Democrazy: Thai film, art, new media

David Teh interviews festival co-director Gridthiya Gaweewong

installation view of Bangkok Democrazy in Lumpini Park

installation view of Bangkok Democrazy in Lumpini Park

installation view of Bangkok Democrazy in Lumpini Park

The cinema has long been a potent force in Thai culture. By the 1980s the local industry was generating almost a hundred feature films per year, from teen, horror and action flicks to big-budget epics glorifying national history and mythology. While production slowed in the 90s, more recently, innovative directors like Apichatpong Weerasethakul (The Adventures of Iron Pussy) and Pen-Ek Ratanaruang (Last Life in the Universe) have made waves at international festivals, stimulating much activity at the smarter end of the film spectrum.

Since its first outing in 1997, the Bangkok Experimental Film Festival (BEFF) has become a fixture of the city’s cultural calendar. This year marked a departure from the typical film-fest format: a broad program reached beyond the auteurism cultivated by mainstream festivals (of which Bangkok has 3!). While it gathered work from all over the world, BEFF4 was not built around celebrity imports—it was refreshingly focused on local and regional talent.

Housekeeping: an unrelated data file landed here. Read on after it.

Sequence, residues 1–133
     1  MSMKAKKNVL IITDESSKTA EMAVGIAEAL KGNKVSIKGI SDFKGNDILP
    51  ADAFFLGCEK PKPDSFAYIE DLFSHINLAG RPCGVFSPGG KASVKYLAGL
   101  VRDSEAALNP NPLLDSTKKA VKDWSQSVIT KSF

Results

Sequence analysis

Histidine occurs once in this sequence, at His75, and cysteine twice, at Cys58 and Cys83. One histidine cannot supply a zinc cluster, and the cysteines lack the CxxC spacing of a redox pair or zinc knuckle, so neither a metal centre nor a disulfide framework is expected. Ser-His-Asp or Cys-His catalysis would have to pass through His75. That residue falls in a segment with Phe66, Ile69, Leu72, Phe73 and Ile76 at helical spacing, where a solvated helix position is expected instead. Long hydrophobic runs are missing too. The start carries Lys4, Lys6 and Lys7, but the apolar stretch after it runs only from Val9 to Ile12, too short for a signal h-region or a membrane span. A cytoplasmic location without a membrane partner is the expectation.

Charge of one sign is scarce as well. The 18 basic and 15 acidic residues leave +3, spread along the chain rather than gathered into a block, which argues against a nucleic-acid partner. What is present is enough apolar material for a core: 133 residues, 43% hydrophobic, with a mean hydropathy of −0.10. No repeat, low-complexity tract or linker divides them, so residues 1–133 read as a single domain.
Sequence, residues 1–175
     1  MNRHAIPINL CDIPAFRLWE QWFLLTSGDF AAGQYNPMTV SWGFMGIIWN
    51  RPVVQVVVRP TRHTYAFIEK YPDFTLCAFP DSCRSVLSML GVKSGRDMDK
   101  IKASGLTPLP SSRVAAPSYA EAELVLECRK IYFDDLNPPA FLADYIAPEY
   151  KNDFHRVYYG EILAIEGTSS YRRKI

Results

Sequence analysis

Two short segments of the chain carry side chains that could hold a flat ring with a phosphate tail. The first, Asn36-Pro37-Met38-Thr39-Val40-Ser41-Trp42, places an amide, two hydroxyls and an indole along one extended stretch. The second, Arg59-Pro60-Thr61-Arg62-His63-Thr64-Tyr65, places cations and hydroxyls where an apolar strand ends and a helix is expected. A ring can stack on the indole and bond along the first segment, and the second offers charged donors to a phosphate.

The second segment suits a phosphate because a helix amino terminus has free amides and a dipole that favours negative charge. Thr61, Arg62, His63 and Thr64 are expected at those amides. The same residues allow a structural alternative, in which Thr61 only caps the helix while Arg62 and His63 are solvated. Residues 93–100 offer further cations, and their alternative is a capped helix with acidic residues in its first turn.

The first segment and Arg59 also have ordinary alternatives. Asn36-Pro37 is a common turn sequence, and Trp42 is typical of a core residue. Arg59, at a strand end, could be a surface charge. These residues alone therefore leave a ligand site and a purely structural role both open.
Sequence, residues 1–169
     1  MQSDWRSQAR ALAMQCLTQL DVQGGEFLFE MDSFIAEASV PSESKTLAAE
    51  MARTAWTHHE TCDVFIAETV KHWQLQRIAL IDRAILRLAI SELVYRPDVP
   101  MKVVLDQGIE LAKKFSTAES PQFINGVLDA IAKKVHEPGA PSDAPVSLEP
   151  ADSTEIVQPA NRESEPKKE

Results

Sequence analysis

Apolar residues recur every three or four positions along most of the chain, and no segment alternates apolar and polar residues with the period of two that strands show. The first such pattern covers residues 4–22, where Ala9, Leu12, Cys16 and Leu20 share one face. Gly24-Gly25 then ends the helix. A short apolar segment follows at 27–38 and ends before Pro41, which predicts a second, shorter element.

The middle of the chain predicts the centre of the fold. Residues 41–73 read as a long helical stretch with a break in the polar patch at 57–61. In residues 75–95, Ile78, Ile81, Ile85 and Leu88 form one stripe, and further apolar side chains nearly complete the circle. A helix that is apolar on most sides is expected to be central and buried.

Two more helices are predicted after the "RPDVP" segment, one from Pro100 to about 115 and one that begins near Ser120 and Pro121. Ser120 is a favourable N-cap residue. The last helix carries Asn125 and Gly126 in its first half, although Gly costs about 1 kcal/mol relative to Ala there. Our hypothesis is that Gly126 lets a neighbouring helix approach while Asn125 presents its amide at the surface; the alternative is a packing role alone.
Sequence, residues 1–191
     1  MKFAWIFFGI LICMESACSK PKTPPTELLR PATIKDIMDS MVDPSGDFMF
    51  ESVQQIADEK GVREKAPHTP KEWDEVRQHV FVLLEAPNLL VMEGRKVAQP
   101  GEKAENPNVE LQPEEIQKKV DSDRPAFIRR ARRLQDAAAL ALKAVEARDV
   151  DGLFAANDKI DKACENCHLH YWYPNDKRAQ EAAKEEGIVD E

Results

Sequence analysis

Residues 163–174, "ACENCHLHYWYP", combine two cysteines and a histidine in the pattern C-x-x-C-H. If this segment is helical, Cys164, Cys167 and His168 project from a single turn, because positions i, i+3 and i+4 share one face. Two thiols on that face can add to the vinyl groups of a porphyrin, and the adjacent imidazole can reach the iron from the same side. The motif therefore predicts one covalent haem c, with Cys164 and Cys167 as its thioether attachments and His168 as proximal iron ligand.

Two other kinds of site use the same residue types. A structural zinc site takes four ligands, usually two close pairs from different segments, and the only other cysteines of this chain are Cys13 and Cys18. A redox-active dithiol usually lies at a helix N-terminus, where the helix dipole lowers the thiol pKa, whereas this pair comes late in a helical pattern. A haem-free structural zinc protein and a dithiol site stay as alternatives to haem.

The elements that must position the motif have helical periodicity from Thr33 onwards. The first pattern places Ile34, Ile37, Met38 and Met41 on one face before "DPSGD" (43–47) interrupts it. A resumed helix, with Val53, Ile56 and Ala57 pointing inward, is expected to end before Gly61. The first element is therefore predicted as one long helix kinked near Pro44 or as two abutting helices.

The program showcased artists’ films, animation and music videos alongside the work of experimental and independent filmmakers. Not only did the directors invite and encourage contributions from non-artists, novice and emerging filmmakers, they also staged seminars and filmmaking workshops offering a hands-on introduction to experimental film production. Newcomers to the director’s chair included a 7 year-old boy, a team of Buddhist monks, and an outspoken senator, whose contribution was a wistful slideshow of Bangkok with the city’s gargantuan billboards edited out one by one.

In keeping with BEFF’s theme, ‘Democrazy’, the directors accepted, and screened, all of the 300+ submissions. The open-air venue—Bangkok’s central Lumpini Park—had itself become charged political turf as the site of a weekly public broadcast (and rally) by anti-government talk-back host Sondhi Limthongkul. As the protests boiled over into a spectacular political crisis, I talked to festival co-director, Gridthiya Gaweewong, about BEFF’s own ‘democratic’ experiment.